A NATURALIST'S WANDERINGS
tains any nectar. The column, embraced by the labellum, is massive, expanding into a stigma eleven millimetres broad, secreting an abundance of viscid matter, crowned with the anther and its pollen, wbose caudieles, composed of pollen
FIG. 1.a PH A JUS B LOI El, SHOWING ANTHER WITH POLUNIA REMOVED; C, STIGMA ; F, BASE OF ANTHER ; G, ROSTELLUM.
[The following figures are all slightly diagrammatic.']
FIG. 2.a PHAJUS BLUMET, SHOWING THE rOLLINIA AVALANCHED DOWNWARDS, CARRYING WITH THEM THE ROSTELLUM, G; A, ANTHER-CAP; P, SWOLLEN POLLINIA ; C, STIGMA ; E, TIP OF CAA DICLES OF POLLINIA.
grains, protrude their tips from beneath the anther-cap. I examined more than one hundred and fifty flowers of P. Blumei, but I did not find one that was not, or could be otherwise than, self-fertilised. Its essential organs exist in two forms, slightly but interestingly different.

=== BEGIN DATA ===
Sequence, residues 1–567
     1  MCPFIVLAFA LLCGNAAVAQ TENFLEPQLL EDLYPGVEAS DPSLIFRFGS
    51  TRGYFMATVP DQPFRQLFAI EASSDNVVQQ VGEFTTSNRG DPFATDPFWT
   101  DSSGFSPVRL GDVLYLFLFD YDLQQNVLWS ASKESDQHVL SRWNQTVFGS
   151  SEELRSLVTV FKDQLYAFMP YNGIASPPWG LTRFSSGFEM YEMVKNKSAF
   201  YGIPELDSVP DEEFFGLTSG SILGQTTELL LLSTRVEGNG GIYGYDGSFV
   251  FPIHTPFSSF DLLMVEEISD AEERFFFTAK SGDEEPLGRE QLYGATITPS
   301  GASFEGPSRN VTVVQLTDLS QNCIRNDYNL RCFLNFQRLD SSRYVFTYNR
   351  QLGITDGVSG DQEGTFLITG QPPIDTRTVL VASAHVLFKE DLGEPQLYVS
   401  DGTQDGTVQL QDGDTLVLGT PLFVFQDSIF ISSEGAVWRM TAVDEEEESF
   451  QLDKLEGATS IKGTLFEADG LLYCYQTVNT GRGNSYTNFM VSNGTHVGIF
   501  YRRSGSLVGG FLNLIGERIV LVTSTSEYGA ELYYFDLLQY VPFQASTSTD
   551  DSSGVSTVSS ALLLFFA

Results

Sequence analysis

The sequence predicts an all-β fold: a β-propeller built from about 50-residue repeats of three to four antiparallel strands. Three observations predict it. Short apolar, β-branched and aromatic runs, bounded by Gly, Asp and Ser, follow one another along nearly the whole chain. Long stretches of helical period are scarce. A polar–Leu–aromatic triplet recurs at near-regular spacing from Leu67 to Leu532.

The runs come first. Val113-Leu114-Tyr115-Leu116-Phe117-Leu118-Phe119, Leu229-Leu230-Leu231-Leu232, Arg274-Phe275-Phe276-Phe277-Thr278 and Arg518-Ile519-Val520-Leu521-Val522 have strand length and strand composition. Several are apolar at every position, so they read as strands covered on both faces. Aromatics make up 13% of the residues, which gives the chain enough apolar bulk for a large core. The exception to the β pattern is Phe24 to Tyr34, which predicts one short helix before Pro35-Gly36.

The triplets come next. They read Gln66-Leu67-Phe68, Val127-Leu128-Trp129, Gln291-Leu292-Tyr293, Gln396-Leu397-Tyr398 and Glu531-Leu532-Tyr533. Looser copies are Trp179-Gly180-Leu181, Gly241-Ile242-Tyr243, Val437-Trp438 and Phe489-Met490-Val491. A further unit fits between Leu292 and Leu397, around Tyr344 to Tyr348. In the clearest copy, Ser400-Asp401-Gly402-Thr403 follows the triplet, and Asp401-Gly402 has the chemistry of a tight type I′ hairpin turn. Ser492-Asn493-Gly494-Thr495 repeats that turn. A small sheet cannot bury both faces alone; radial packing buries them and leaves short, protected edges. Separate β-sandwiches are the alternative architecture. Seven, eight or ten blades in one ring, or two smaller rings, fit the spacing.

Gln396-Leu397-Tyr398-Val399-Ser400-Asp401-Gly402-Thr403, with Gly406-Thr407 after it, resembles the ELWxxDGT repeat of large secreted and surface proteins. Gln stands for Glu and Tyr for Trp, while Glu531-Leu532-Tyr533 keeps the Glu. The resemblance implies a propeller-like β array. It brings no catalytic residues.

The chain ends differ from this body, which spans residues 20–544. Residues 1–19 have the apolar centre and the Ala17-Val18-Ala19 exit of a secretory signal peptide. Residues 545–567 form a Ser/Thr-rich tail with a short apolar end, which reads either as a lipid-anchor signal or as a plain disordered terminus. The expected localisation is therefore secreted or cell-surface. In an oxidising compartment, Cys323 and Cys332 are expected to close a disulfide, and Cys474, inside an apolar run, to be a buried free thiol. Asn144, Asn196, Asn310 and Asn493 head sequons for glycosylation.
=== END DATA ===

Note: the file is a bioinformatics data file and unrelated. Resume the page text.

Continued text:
FIG. 3.a BUD OF PHAJUS BLUMEI, SHOWING POLLINIA IN ERECT POSITION; A, ANTHER-CAP ; B, POLLINIA ; A , STIGMA ; D, MEDIAN RIDGE.
FIG. 4.a LONGITUDINAL SECTION OF COLUMN OF PHAJUS BLU3IEI (SIDE
view); a, p, c, d, as in fig. 3;
I, BOUNDARY OF STIGMA.
Flowers of the first form have, arching over the deep and covered stigma, a well-developed tongue-shaped projection or rostellum, on which lie the caudicles of the pollinia, which have no viscid disk (Fig. 1). On each side, the rostellum leaves between itself and the external walls of the column a